LUXEMBOURG (Reuters) - The head of the euro zone bailout fund Klaus Regling said on Tuesday he was not worried about Italy losing market access amid a dispute with the European Commission on Rome’s expansionary 2019 budget, which the EU executive says breaks EU fiscal rules.
The European Commission took a first step last week to disciplining Italy over the budget after Rome refused to change it, raising the stakes in a dispute that has alarmed the whole euro zone and could eventually lead to fines.
Hopes that Italy was poised to curb its spending plans set off a rally in financial markets on Monday, with Italy’s benchmark bond-yield spread over the German equivalent falling to its tightest level in more than a month.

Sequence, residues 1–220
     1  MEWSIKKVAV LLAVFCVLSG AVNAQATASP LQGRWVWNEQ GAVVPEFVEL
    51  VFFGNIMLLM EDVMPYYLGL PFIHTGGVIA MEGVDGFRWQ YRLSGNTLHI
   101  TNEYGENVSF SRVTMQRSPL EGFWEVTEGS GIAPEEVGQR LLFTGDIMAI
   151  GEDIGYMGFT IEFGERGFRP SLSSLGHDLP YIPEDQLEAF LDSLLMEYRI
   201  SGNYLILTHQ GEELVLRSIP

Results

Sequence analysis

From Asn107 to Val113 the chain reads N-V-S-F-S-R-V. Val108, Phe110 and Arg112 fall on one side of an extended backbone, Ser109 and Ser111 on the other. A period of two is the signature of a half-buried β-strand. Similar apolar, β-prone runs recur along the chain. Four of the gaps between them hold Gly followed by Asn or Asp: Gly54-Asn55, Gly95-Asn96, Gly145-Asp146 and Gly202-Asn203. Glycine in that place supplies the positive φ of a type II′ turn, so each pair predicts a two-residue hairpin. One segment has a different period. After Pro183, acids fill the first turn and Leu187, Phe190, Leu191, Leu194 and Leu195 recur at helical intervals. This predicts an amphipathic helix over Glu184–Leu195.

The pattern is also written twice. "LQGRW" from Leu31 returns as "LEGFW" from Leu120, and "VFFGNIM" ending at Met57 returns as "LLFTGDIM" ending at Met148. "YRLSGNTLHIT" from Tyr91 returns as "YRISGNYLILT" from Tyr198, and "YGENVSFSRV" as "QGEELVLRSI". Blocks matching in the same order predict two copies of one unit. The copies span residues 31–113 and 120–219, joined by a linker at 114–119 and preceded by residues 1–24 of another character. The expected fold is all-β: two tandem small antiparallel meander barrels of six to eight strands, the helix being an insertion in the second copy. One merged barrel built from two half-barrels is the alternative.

However, the Italian government said later on Monday that it was sticking to its main 2019 budget goals for now as it awaited a cost analysis of its main spending measures, but left open the possibility of eventually cutting its deficit target.
“Italy has problems. But they are not comparable to Greece for instance. So sometimes when I hear Italy is the new Greece ... that’s just nonsense,” Regling told reporters.
“The underlying fundamentals are much better in Italy than they were in Greece a few years ago. Italy has a current account surplus which means Italy does not need to attract capital from foreigners on a regular basis,” he said.
Asked if he was worried about a worst-case scenario of Italy losing market access if investors lose confidence in Italian public finances, Regling said: “The worst possible scenario is not the most likely one. I am not worried about Italy losing market access. I am more worried about the low growth we have seen in Italy for the past 20 to 25 years.”
Reporting By Michele Sinner, writing by Jan Strupczewski; editing by Francesco Guarascio